Despite being a well-used facility, the jail was crowded, dimly lit, and poorly ventilated. An article in the Evening Mail from 1924 called it a “House of Shame.” According City of Order: Crime and Society in Halifax 1918–35, when it reached capacity some prisoners slept in the hallway.
But a 1927 Grand Jury report said it was a suitable place for those awaiting trial, if not for convicted criminals. It remained open until 1969 when a new jail opened in Lower Sackville.
Opening in 1864 and closing in 1969, Rockhead, AKA the City Prison, stood at corner of Novelea Drive and Leeds Street. It had 82 cells and took both male and female prisoners serving sentences that were less than two years long.
As part of their rehabilitation, prisoners often tended the Rockhead Farm, worked in the kitchens and shoe shop, and cleaned the facility. According to City of Order, people praised the prison for its approach to redemptive work, despite the work being seen as degrading. It was, however, “the nearest approach [the city had] to a penal institution conducted according to modern ideas.”
The Halifax Explosion in December 1917 heavily damaged Rockhead. Jailers transferred most of the prisoners while making repairs. They were back in their cells by the end of the month.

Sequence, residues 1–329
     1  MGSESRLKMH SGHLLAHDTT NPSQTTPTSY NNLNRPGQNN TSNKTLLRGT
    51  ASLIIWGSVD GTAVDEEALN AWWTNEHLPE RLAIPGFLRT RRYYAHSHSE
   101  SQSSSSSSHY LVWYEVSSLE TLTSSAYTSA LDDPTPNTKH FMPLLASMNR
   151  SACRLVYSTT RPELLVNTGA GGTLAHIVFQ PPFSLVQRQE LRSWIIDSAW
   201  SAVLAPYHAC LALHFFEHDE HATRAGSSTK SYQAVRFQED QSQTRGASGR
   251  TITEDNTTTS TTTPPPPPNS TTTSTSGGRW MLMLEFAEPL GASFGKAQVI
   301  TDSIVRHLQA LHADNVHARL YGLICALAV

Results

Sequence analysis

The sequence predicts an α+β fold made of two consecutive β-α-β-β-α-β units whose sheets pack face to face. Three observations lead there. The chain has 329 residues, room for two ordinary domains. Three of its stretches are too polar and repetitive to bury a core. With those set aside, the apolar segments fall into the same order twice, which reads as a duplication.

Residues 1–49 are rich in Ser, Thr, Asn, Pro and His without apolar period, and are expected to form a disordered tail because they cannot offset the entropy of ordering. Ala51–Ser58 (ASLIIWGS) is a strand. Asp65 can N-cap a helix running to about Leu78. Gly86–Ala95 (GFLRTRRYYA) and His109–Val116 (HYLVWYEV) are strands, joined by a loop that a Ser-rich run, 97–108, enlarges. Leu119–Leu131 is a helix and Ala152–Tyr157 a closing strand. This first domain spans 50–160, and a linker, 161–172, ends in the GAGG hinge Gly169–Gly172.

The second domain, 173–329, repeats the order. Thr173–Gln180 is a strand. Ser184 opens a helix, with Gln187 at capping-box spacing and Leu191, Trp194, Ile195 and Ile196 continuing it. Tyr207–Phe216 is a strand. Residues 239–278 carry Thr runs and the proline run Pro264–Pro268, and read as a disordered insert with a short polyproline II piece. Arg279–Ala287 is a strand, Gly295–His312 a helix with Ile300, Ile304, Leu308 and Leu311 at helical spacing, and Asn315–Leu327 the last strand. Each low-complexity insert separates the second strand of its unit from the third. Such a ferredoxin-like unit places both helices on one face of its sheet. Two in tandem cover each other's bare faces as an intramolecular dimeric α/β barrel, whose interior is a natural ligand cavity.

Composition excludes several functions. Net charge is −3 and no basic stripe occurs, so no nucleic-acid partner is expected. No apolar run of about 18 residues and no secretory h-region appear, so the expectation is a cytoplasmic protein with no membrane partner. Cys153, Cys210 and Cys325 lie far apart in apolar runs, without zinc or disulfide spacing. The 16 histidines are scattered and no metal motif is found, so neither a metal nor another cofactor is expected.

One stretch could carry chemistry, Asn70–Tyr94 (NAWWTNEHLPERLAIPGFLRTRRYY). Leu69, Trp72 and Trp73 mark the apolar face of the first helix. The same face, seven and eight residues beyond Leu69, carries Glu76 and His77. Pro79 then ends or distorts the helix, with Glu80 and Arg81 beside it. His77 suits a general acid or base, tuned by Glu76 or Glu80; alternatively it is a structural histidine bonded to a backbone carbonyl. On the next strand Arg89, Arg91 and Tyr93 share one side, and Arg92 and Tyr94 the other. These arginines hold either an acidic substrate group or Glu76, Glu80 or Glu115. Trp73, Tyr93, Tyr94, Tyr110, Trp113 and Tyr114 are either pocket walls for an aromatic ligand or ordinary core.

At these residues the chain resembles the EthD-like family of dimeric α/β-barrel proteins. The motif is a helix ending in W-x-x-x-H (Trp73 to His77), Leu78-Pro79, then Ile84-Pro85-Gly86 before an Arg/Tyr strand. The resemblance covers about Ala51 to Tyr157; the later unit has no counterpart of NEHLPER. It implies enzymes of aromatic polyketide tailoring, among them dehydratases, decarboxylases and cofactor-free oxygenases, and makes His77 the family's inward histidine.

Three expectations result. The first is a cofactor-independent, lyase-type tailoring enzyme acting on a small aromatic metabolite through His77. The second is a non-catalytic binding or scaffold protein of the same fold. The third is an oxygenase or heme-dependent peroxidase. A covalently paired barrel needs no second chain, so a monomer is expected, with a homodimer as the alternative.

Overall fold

After Rockhead closed, inmates moved to Lower Sackville. Workers demolished the building in the 1970s. Today, the name lives on: Premier Wines & Spirits took the moniker when it moved to North Street and rebranded as the Rockhead Wine & Beer Market in 2014.
In the late 1800s the Halifax police station and the city lockup, made up of 15 cells, were located in city hall. According to City of Order, “vagrants, drunks and unemployed transients often spent a night or a weekend, in these cells as part of the police department’s effort to rid the city of undesirables.”
The lockup had one famous prisoner in 1896: escape artist Harry Houdini. As part of a publicity stunt to promote his upcoming show in Halifax, police handcuffed Houdini behind a heavy locked door, with most of his clothes in another cell. He escaped, taking the leg irons with him. They were part of his show for many years after.
Citadel Hill soldiers who committed minor crimes also faced time in a jail cell.
If a sentence was less than seven days, soldiers went to the lockup in the guard room. If the crime warranted a sentence of seven to 28 days they were put in the garrison cells and for more than 28 days, they were sent to Melville Island.
It’s rumored that two guards were escorting a prisoner to Melville when he escaped under the cover of rain. Instead of holding onto their prisoner, the guards tried to shelter themselves and the man broke free. They gave chase and yelled for the sentry to stop him, but the sentry was in his guard box to avoid the rain and didn’t see him coming.
Today, you can visit the garrison cells and lockup at Halifax Citadel National Historic Site.
This story was originally published in Halifax Magazine.